South Korea Maintains Key Rate Steady At 1.25%

The central bank of South Korea left its base rate steady for the tenth straight meeting at a record low of 1.25 percent in May, as expected, adopting a stance of stability in its first meeting since President Moon Jae-In's inauguration. Policymakers await the new administration's policy reforms, which unofficially begun with Moon's recent proposal for a 10 trillion Won stimulus in 2017.

Excerpts from the statement by The Bank of Korea:

Based on currently available information the Board considers that the global economic recovery has continued to expand. The global financial markets have shown generally stable movements, with for example the trend of rising stock prices continuing. Looking ahead the Board sees the global economic recovery as likely to be affected by factors such as the directions of the US government's economic policies, the pace of monetary policy normalization by the US Federal Reserve, the movements toward spreading trade protectionism, and political uncertainties in major countries.
The Board judges that the trend of domestic economic growth has expanded, as exports and investment have improved although the pace of increase in consumption has remained weak. On the employment front, the number of persons employed has continued to rise significantly year-on-year, although the unemployment rate has also risen as job search activities have increased. Going forward, domestic economic growth is expected to be slightly above the path projected in April. The Board judges that consumption will likely continue its modest trend of growth, but that the trends of improvement in exports and investment should expand compared to the April forecasts.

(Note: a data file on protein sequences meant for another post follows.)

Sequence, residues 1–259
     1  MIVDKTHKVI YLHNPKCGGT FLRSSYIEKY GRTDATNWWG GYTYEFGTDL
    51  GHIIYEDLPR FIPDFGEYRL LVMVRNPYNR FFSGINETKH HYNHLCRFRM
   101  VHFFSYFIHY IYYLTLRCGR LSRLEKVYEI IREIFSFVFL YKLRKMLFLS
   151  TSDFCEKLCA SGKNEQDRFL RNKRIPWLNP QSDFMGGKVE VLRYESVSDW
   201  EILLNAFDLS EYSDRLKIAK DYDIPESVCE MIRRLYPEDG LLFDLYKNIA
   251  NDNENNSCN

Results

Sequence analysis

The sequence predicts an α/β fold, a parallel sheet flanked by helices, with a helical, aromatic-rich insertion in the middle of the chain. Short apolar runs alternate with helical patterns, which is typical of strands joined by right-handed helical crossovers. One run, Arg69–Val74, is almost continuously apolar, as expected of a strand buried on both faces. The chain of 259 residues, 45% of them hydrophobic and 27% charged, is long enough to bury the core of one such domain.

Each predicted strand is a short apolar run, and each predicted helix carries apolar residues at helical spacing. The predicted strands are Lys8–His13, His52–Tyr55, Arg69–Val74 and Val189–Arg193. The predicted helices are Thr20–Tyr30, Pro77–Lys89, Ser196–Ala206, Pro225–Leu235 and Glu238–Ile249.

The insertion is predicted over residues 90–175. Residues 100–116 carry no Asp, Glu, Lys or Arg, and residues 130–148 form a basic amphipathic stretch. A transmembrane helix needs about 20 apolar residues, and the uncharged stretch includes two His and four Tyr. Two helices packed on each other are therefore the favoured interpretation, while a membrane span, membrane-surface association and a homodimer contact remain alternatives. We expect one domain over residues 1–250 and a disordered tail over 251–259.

Consumer price inflation has continued at the 2% target level, in line mainly with increases in the prices of petroleum and agricultural, livestock and fisheries products. Core inflation (with food and energy product prices excluded from the CPI) has fallen slightly to the mid-1% range, and the rate of inflation expected by the general public has remained at the mid-2% level. Looking ahead the Board expects that consumer price inflation will for the time being fluctuate at around the 2% level, and for the year as a whole not diverge greatly from the April projection (1.9%). Core inflation appears likely to show a level in the mid- to upper-1% range.
Looking ahead, the Board will conduct monetary policy so as to ensure that the recovery of economic growth continues and consumer price inflation can be stabilized at the target level over a medium-term horizon, while paying attention to financial stability. As the inflationary pressures on the demand side are not expected to be high although the trend of domestic economic growth is likely to expand somewhat, the Board will maintain its stance of monetary policy accommodation. In this process it will closely monitor the progress of monetary policy normalization by the US Federal Reserve, conditions related to trade with major countries, the directions of the new government's economic policies, the trend of increase in household debt, and geopolitical risks.

Charles |
5/25/2017 9:55:24 AM